With regards to the power analysis, we agree with Drs Kallmes and Cloft: considering that we detected a significant effect and that sufficient testing power needs to be assured to protect against a type-II error (ie, false-negatives), its results are not only of very limited and questionable information but dispensable for our purpose. Therefore, the “power” values were not part of our original submission and only included on the specific request of one of the reviewers. Despite our frank objections, we did eventually add these simply because their rather low estimates—irrespective of the fact that their retrospective calculation may not be particularly accurate—primarily indicate a high false-negative risk. (Again, the relevant statistical explanation that they were calculated using the power.prop.test within R’s stats package had to be omitted to comply with the limits of a short communication.) In any case, the substantial risk to face a false-negative as opposed to a false-positive inference at our limited sample size emphasizes that 1-sided testing based on prior pieces of information can be quite powerful and must not be depreciated.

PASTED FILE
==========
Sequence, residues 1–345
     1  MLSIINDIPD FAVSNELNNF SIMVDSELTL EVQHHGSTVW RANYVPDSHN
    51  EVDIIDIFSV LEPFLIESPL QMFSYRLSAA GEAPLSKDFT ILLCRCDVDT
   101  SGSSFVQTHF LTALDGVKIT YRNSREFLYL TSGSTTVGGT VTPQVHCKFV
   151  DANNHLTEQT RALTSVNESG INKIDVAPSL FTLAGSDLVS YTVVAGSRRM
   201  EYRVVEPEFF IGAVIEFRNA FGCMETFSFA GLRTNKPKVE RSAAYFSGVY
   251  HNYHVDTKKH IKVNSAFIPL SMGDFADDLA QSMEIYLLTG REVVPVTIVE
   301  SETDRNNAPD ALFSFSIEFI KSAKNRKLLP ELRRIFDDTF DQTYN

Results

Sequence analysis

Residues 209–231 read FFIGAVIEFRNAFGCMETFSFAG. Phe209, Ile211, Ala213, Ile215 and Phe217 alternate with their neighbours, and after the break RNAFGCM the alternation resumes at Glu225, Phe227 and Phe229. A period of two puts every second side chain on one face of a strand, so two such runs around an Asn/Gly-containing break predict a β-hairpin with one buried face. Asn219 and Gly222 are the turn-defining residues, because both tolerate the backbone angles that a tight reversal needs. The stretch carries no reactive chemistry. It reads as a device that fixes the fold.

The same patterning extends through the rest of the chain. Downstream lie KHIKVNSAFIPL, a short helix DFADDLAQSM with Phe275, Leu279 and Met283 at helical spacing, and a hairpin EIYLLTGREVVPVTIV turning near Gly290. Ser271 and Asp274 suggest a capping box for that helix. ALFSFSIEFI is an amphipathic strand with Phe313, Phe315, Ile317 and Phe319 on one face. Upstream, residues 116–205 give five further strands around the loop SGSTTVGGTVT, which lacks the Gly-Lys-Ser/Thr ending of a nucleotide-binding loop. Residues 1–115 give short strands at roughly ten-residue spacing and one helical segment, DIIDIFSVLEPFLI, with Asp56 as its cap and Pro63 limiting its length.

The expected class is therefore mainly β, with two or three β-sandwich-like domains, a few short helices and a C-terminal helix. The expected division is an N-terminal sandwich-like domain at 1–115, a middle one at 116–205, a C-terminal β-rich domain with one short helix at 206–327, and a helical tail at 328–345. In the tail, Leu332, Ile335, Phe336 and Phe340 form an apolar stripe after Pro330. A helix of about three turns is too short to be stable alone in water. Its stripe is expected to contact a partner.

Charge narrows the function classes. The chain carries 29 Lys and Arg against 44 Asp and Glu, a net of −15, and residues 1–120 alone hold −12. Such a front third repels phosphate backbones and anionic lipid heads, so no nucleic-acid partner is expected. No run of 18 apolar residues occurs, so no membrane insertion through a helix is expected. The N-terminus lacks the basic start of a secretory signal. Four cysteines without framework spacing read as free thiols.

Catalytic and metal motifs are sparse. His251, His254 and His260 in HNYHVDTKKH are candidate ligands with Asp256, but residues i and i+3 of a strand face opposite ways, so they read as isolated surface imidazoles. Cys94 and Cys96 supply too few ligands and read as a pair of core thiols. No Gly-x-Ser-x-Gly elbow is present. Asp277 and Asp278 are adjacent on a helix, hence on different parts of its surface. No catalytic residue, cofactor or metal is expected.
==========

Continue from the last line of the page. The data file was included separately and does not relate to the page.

In summary, it is beyond any doubt and certainly compatible with the opinion of Drs Cloft and Kallmes that our preliminary findings (1) at least favor improved follow-up occlusion rates by Cerecyte compared with bare platinium coils and (2) require validation by larger cohorts of treated patients in prospective series or future retrospective meta-analysis not yet available today.
Bendszus M, Bartsch AJ, Solymosi L. Endovascular occlusion of aneurysms using a new bioactive coil: a matched pair analysis with bare platinum coils. Stroke. 2007; 38: 2855–2857.
Bendszus M, Solymosi L. Cerecyte coils in the treatment of intracranial aneurysms: a preliminary clinical study. AJNR Am J Neuroradiol. 2006; 27: 2053–2057.